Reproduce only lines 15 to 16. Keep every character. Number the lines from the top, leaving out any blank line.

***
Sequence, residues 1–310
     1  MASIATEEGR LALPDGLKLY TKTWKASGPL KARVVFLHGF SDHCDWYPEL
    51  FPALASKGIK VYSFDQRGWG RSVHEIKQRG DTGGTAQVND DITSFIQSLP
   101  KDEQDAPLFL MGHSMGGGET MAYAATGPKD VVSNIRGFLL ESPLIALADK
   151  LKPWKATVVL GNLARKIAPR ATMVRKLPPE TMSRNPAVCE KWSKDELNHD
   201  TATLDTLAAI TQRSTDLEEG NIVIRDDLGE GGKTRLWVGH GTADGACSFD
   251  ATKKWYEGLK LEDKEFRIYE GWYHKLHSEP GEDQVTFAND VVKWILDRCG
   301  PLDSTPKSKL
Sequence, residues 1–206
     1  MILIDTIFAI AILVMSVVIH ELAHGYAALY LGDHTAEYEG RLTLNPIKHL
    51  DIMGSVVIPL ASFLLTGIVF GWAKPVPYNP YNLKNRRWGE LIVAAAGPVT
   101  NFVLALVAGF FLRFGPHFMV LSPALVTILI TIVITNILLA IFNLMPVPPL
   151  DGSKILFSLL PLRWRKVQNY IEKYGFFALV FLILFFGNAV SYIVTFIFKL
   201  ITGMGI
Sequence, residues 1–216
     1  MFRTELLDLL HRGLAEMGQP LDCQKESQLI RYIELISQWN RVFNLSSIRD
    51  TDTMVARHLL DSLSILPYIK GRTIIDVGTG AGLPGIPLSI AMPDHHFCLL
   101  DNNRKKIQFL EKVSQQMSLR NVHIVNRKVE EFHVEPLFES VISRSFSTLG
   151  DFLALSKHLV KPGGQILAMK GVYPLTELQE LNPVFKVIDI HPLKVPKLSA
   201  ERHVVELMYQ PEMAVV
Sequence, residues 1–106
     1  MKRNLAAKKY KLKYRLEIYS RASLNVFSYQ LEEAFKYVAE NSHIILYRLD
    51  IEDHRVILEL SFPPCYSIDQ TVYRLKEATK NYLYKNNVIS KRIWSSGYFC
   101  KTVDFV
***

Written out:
Sequence, residues 1–216
     1  MFRTELLDLL HRGLAEMGQP LDCQKESQLI RYIELISQWN RVFNLSSIRD